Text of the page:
Saturday, 16 October 2021

Scotstober: Days 12, 13, 14, 15 and 16

Five more Scots words for you to discover through poetry and song for #Scotstober - a celebration of the Scots language. 

Scotstober Word of the Day 12: 'stramash' - meaning an uproar or a disturbance. Poem by J K Annand who was mostly known for his children's rhymes.  

Street Talk

There was a rammie in the street,

A stishie and stramash.

The crabbit wifie up the stair

Pit up her winda sash.

“Nou what’s adae?” the wifie cried,

“Juist tell me what’s adae.”

A day is twinty-fower hours, missis,

Nou gie us peace to play.

“Juist tell me what’s ado,” she cried,

“And nane o yer gab,” cried she.

D’ye no ken a doo’s a pigeon, missis?

Nou haud your wheesht a wee.

“I want to ken what’s up,” she cried,

“And nae mair o yer cheek, ye loun.”

It’s only yer winda that’s up, missis.

For guidsake pit it doun.

Day 13: Word of the Day 'dour'. One of the most well known Scots words, meaning 'hard, stern, sullen, gloomy'. Marion Angus' poem captures that grim atmosphere in her poem 'The Tinker's Road'. Here's a link to her collection by the same name, well out of print. 

The Tinker's Road

The broon burn’s speerin’,

Frettin’ a’ the wye,

“What gars ye gang,

Auld Tinker’s Road,

Whaur there’s naither fouk nor kye,

“Kirk nor croft nor mill,

A’ thing lane and still?”

But it’s aye “Haud on”

Wi’ the Tinker’s Road

Fur the far side o’ the hill.

Stannin’ stanes gloomin’,

Grim an’ straucht an’ dour—

“An unco place for a Tinker’s Road

On sic a ghaist-rid moor!”

Ghaist or witch or de’il,

Stanes o’ dule an’ ill,

It’s aye “ Hing in ”

Wi’ the Tinker’s Road

Fur the far side o’ the hill.

The black thorn’s maenin’,

“O rauch winds, let me be !

Atween ye a’

Ye’ve brak ma he’rt,

An’ syne I canna dee!”

Weerin’ til a threid,

Smoored wi’ mosses reid,

The soople road wins ower the tap

An’ tak’s nor tent nor heed.

Day 14: 'stookie' - a plaster cast. Word of the Day 13: 'stookie' - a plaster cast. I found a lovely wee poem by Angela Blacklock-Brown on the StAnza Poetry's Poetry Map. So happy to share this site, not only because one of mine appears on there. A great site with some amazing work. 

Ben Gulabin


Snaw crooned ben

toorin abuin,

still as a stookie,

nae wun skirlin.

Hairst's gowden chaff

keeks thru the white

an the brig, quate as the sabbath,

stauns wi the gates snecked ticht.

Day 15: 'lowp' which usually means to leap or jump as in the English equivalent lope, but I've most often heard it in Glasgow used as an expression of pain 'mah heid is lowpin'. Here's a lovely tune by the singer-poet Sheena Blackhall who uses a North-Eastern version of Scots often cried Doric.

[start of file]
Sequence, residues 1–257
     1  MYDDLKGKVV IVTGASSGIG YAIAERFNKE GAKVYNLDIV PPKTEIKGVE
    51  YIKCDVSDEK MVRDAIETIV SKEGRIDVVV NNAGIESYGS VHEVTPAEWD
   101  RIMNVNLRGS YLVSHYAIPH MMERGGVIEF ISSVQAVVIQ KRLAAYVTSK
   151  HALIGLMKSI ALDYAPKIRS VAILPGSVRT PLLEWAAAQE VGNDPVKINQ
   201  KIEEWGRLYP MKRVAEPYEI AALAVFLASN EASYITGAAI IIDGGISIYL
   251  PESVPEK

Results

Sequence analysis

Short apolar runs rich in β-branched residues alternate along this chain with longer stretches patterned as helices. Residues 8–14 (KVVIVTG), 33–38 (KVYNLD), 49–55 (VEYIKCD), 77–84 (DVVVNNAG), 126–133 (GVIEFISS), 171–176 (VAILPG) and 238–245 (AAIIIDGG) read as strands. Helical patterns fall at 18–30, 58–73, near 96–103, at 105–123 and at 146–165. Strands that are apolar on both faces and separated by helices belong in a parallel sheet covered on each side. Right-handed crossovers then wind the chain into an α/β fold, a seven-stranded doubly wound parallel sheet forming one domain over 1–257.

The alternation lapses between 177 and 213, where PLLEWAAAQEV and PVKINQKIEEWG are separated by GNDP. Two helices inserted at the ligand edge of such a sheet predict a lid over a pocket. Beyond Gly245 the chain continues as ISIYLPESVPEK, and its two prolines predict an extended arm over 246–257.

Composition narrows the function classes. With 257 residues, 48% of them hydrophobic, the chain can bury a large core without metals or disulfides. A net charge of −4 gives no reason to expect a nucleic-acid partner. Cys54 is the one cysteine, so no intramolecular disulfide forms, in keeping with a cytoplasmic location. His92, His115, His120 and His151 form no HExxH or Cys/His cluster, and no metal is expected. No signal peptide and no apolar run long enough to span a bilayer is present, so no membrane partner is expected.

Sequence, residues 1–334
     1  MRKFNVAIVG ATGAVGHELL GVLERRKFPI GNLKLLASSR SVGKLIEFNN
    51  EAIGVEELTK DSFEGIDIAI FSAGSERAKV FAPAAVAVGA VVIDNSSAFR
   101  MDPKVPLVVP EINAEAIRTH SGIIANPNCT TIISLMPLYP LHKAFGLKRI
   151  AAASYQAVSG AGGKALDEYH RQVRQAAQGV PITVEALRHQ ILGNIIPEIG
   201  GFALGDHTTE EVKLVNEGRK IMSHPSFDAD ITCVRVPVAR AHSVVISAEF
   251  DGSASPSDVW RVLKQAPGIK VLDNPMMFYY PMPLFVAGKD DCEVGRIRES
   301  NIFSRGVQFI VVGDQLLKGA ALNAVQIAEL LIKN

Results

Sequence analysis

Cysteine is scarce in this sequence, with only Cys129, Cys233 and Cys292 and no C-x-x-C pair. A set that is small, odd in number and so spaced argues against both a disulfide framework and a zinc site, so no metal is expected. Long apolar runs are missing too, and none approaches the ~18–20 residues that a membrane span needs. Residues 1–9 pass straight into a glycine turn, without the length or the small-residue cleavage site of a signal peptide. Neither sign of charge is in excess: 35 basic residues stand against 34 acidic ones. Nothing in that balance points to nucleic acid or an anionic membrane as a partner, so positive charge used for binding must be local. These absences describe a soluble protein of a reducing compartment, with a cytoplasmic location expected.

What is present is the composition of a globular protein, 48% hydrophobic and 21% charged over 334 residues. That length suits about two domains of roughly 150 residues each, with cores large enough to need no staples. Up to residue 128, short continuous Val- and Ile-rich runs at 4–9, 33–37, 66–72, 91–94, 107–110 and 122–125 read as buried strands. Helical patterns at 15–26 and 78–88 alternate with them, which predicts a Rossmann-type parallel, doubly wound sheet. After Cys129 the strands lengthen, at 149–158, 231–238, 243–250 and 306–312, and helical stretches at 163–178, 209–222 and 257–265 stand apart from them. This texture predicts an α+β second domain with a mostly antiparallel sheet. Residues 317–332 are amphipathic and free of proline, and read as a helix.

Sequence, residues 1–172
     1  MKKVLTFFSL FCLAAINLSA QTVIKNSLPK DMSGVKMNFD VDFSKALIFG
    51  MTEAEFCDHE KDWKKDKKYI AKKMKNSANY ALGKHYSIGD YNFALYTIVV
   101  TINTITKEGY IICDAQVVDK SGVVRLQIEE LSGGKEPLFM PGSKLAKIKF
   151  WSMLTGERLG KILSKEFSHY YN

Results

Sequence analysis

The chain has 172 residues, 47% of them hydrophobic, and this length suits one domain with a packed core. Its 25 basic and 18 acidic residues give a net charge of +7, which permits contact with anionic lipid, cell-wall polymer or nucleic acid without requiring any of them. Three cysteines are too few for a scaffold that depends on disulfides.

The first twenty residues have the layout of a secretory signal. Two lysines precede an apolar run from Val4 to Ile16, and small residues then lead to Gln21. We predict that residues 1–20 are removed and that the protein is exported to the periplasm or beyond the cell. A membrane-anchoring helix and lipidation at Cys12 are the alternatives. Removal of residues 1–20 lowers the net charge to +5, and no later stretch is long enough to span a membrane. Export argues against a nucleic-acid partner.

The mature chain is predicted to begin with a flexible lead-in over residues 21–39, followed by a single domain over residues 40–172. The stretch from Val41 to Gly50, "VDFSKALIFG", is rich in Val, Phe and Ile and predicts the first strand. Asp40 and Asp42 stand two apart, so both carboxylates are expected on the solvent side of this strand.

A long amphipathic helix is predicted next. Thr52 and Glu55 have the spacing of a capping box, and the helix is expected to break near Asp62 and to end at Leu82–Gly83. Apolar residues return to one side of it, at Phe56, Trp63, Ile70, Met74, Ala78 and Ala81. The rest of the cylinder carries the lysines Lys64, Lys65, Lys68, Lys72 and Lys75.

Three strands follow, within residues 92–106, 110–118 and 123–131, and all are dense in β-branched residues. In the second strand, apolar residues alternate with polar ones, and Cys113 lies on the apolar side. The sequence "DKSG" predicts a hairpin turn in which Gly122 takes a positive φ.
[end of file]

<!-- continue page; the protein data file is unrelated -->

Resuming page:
Braes o Skene

Tune: Plooman Laddies

Fan first I cam tae the Braes o Skene,

The corn parks they stood thick an green.

Chorus: Noo ferm rigs, they growe hooses gray,

Anither change comes wi ilkie day.

The milkin kye gaed frae park tae byre,

An Hillie’s wids fed a lowpin fire.

The bramble buss fulled the berry pan,

The chaumer bed held the orra man.

Noo cottar bairns they hae roved awa,

An swallas bigg in the kitchie waa.

The toon creeps oot like a swallin tide,

Haps steen an lime ower the kintraside.

Fin lost I cam tae the Braes o Skene,

The fowk war gaen an the fermhoose teem.

Word of the Day 16: 'grue'. A new word and a new poet for me today. The DSL seems to mostly define grue as a shudder of fear or cold. This beautifully wrought poem Pietà by Alastair Mackie uses Scots with scalpel precision. A contemporary and friend of George Mackay Brown, the Orkney poet, Mackie's life was tragic and inspiring. You can read about his life here. It's especially interesting his reaction to how schooling beat his Scots out of him.


Her face was thrawed.

She wisna aa come.

In the trams o her airms

the wummin held oot her first bairn.

It micht hae been a mercat day

and him for sale.

Naebody stoppit tae niffer.

His life bluid cled his breist

wi a new reid semmit.

He’d hippens for deid claes.

Aifter the boombers cleck

and the sodgers traik thro the skau

there’s an auld air sterts up –

bubblin and greetin.

It’s a ballant mithers sing

on their hunkers i the stour

for a bairn deid.

They ken it by hert.

It’s the cauldest grue i the universe

yon skelloch.

It niver waukens the deid.

Monday, 11 October 2021

More Scotstober Fun: Days 10 and 11 - Older examples of Scots

A reminder of the word list here for Scotstober, where Scots words are explored through writing. 

Word of the Day 10: 'sprauchle' - means to move slowly and awkwardly or a person who does so. I have to admit I hadn't come across this poem before and struggled to find anything. It didn't help that it could be several ways. As Scots fell out of use and Scots speakers discouraged from using it because it was seen as uneducated or coarse, it became primarily a spoken language. This is reflected in the spelling which is erratic because people spell it how they say it. 

Even the Scottish Poetry Library didn't have an entry that used sprauchle, so I did some deeper internet diving and through the DSL (Dictionary of the Scots Language/Leid) found a poet called Henry Scott Riddell (1780-1870) who wrote a poem that used the word in a song. Even the poem was hard to find, buried in an internet archive.